Bankrupt Swedish automaker Saab AB (IW 1000/840) has been sold to National Electric Vehicle Sweden AB (NEVS), a new company registered in Sweden and founded by two firms in Hong Kong and Japan, the two sides said on June 13.
"NEVS and the Receivers of the Saab Automobile bankruptcy estate today signed a purchase agreement which covers the main assets of Saab Automobile AB, Saab Automobile Powertrain AB and Saab Automobile Tools AB," NEVS and Saab bankruptcy administrators said in a joint statement that did not specify the purchase sum.
NEVS, which is 51% owned by Hong Kong-based alternative energy specialist National Modern Energy Holdings and 49% owned by Japanese investment firm Sun Investment LLC, was "established for the purpose of acquiring the assets of the Saab Automobile bankruptcy estate," according to the companies.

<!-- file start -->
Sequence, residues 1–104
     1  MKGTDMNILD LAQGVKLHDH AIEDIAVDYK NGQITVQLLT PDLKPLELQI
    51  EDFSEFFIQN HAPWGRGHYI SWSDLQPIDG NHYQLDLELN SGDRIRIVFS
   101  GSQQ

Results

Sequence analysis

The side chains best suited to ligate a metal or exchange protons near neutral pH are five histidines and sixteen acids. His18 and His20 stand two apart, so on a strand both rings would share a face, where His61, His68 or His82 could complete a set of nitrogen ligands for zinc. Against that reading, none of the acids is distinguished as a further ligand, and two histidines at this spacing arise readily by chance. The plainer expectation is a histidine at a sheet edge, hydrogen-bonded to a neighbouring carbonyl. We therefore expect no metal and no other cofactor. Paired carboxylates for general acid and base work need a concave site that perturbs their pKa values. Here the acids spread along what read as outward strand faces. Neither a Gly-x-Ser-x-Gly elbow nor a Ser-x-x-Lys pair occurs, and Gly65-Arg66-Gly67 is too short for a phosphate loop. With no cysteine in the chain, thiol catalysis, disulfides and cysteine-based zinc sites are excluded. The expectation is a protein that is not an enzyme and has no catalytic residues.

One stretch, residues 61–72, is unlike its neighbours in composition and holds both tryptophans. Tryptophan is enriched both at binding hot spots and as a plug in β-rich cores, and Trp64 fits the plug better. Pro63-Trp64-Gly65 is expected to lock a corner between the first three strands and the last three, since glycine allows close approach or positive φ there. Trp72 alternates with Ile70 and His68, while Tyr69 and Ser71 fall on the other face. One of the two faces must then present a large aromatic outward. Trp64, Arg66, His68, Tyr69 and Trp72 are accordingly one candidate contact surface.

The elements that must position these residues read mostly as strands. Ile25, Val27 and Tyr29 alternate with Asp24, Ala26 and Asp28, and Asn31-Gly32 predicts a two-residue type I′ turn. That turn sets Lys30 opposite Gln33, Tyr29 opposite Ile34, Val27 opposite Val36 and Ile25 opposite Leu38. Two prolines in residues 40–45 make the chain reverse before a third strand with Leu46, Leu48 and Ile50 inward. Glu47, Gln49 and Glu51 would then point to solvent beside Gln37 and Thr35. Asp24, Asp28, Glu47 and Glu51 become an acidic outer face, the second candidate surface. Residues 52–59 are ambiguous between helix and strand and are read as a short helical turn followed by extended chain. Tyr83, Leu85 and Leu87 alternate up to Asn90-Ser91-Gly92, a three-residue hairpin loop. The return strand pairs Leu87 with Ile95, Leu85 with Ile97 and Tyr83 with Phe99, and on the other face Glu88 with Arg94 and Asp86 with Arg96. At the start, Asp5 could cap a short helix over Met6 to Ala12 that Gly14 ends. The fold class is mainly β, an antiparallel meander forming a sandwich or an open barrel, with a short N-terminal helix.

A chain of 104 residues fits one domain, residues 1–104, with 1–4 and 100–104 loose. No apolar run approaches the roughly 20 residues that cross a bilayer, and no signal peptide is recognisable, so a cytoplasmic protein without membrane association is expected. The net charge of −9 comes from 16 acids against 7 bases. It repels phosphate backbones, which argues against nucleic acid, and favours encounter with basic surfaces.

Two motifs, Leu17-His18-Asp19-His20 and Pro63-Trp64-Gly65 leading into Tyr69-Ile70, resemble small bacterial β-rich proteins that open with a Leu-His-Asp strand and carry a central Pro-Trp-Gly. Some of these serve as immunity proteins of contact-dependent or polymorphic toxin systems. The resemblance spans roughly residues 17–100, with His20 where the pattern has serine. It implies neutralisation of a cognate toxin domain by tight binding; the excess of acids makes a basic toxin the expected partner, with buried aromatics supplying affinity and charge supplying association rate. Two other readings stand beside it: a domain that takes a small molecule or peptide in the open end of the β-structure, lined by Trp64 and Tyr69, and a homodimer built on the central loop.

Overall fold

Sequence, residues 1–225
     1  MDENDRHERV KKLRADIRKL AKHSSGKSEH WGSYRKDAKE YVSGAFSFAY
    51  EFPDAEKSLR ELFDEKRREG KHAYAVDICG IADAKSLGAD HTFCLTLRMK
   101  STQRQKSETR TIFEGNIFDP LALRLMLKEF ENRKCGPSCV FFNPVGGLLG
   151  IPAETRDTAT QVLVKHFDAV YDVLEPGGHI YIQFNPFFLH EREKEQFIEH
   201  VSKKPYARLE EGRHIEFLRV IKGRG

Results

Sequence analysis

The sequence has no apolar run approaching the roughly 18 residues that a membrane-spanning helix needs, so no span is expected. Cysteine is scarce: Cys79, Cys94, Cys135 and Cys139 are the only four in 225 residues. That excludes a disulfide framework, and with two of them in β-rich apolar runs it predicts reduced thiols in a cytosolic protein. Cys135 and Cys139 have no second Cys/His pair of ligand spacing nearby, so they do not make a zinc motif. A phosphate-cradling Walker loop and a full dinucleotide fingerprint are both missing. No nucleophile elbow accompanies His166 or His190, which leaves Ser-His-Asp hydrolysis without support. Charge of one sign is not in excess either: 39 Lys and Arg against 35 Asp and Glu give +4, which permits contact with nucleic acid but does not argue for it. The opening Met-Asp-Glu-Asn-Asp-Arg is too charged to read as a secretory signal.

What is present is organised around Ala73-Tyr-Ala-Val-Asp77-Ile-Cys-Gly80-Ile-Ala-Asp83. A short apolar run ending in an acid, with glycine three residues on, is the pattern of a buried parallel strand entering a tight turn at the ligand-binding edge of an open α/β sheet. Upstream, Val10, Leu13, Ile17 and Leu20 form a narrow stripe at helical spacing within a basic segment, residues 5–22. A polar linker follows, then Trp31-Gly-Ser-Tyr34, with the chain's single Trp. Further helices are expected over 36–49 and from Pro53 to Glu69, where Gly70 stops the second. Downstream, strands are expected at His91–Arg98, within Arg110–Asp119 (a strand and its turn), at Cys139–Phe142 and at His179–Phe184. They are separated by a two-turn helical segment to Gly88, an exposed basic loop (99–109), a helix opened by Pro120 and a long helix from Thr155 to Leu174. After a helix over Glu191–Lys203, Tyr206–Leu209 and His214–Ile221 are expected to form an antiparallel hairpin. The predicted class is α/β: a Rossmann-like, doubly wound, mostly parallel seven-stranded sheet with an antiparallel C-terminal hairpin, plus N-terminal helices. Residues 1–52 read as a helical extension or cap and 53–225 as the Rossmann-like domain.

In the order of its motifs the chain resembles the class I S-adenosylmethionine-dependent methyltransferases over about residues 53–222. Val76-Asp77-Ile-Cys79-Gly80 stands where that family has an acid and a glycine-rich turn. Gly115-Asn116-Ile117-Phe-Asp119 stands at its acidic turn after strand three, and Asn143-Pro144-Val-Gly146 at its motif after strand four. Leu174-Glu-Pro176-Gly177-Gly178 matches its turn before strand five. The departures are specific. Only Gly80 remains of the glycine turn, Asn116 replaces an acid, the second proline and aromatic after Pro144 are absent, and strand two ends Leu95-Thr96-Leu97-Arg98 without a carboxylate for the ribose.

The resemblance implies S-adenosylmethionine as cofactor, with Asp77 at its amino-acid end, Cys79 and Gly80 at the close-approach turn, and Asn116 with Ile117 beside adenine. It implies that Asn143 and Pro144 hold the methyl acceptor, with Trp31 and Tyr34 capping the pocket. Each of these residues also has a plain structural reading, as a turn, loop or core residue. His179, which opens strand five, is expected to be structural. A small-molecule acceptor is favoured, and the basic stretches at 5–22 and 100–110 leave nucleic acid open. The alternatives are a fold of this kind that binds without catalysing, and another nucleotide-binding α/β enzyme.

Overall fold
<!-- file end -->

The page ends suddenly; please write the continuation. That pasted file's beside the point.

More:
The company explained that it planned to create a new model based on the current Saab 9-3, "which will be modified for electric drive using advanced EV (electric vehicle) technology from Japan."
The car should hit the market at the end of 2013 or beginning of 2014.
"NEVS aims to become a leading manufacturer of electric vehicles," it said, adding that production would continue at Saab's factory in Trollhaettan in southwestern Sweden.
Saab filed for bankruptcy on December 19. It was already on the brink of bankruptcy when GM sold it in early 2010 to Dutch company Swedish Automobile (SWAN) -- at the time called Spyker -- for $400 million. Bankruptcy administrators said in April that Saab had assets to cover only just over a third of its debt of 13 billion kronor (US$1.8 billion).
Copyright Agence France-Presse, 2012